The strange revival of Conservative Scotland? Another poll from north of the border, this time from the Times and YouGov, shows the Tories experiencing a revival in Scotland, up to 28 per cent of the vote, enough to net seven extra seats from the SNP.

Adding to the Nationalists’ misery, according to the same poll, they would lose East Dunbartonshire to the Liberal Democrats, reducing their strength in the Commons to a still-formidable 47 seats.

It could be worse than the polls suggest, however. In the elections to the Scottish Parliament last year, parties which backed a No vote in the referendum did better in the first-past-the-post seats than the polls would have suggested – thanks to tactical voting by No voters, who backed whichever party had the best chance of beating the SNP.

The strategic insight of Ruth Davidson, the Conservative leader in Scotland, was to to recast her party as the loudest defender of the Union between Scotland and the rest of the United Kingdom. She has absorbed large chunks of that vote from the Liberal Democrats and Labour, but, paradoxically, at the Holyrood elections at least, the “Unionist coalition” she assembled helped those parties even though it cost the vote share.

The big thing to watch is not just where the parties of the Union make gains, but where they successfully form strong second-places against whoever the strongest pro-Union party is.

Davidson’s popularity and eye for a good photo opportunity – which came first is an interesting question – mean that the natural benefactor in most places will likely be the Tories.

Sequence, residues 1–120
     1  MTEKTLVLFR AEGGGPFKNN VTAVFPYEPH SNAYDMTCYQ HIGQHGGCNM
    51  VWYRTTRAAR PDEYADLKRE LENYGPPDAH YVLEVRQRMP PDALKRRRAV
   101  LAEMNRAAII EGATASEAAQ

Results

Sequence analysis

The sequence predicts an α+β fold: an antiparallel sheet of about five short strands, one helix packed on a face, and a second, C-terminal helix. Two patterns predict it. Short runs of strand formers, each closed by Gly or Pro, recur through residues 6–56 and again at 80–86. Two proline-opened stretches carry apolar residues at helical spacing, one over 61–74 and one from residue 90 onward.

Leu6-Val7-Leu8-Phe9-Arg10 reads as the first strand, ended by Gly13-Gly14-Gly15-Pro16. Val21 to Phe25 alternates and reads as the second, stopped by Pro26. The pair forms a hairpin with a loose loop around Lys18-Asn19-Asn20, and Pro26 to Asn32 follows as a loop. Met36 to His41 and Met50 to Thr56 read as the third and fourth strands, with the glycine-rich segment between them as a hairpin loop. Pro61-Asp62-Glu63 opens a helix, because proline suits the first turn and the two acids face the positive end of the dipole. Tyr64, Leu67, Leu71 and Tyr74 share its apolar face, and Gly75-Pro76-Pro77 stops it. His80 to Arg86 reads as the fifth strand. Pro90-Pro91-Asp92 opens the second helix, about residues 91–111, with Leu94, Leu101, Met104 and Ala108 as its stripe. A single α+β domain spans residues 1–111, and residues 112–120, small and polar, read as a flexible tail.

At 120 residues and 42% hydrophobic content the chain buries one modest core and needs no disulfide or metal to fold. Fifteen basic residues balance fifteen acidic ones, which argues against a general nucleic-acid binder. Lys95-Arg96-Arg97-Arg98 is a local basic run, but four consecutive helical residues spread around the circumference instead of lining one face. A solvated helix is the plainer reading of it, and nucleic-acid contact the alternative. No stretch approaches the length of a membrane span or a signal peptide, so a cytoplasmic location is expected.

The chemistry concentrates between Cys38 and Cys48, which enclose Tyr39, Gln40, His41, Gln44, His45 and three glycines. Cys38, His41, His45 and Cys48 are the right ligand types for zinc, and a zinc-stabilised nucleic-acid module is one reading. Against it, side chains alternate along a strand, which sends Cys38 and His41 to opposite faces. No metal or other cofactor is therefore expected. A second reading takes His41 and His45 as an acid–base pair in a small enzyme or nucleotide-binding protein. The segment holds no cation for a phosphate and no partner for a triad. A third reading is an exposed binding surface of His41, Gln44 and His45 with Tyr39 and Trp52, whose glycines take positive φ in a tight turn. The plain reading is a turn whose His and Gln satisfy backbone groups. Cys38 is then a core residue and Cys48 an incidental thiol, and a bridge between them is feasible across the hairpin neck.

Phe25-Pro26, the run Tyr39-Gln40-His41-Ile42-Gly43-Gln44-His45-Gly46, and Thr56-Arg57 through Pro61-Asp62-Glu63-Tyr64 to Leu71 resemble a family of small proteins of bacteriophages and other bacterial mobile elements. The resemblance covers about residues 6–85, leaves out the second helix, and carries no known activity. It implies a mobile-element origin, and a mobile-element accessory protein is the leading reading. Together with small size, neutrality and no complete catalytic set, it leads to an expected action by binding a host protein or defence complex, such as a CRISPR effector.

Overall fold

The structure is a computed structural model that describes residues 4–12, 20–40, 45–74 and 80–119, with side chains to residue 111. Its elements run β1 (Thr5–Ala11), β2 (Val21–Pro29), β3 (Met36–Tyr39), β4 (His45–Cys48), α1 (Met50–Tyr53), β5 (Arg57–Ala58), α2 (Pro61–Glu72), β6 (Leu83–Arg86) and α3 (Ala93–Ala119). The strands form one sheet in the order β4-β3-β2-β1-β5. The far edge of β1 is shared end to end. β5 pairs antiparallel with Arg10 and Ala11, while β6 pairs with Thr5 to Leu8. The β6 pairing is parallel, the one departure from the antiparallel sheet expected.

But it could have been very different. The first politician to hit successfully upon the “last defender of the Union” routine was Ian Murray, the last Labour MP in Scotland, who squeezed both the  Liberal Democrat and Conservative vote in his seat of Edinburgh South.

His then-leader in Scotland, Jim Murphy, had a different idea. He fought the election in 2015 to the SNP’s left, with the slogan of “Whether you’re Yes, or No, the Tories have got to go”.  There were a couple of problems with that approach, as one  former staffer put it: “Firstly, the SNP weren’t going to put the Tories in, and everyone knew it. Secondly, no-one but us wanted to move on [from the referendum]”.

Then again under different leadership, this time under Kezia Dugdale, Scottish Labour once again fought a campaign explicitly to the left of the SNP, promising to increase taxation to blunt cuts devolved from Westminster, and an agnostic position on the referendum. Dugdale said she’d be open to voting to leave the United Kingdom if Britain left the European Union. Senior Scottish Labour figures flirted with the idea that the party might be neutral in a forthcoming election. Once again, the party tried to move on – but no-one else wanted to move on.

How different things might be if instead of running away from their referendum campaign, Jim Murphy had run towards it in 2015. 

Stephen Bush is special correspondent at the New Statesman. His daily briefing, Morning Call, provides a quick and essential guide to British politics.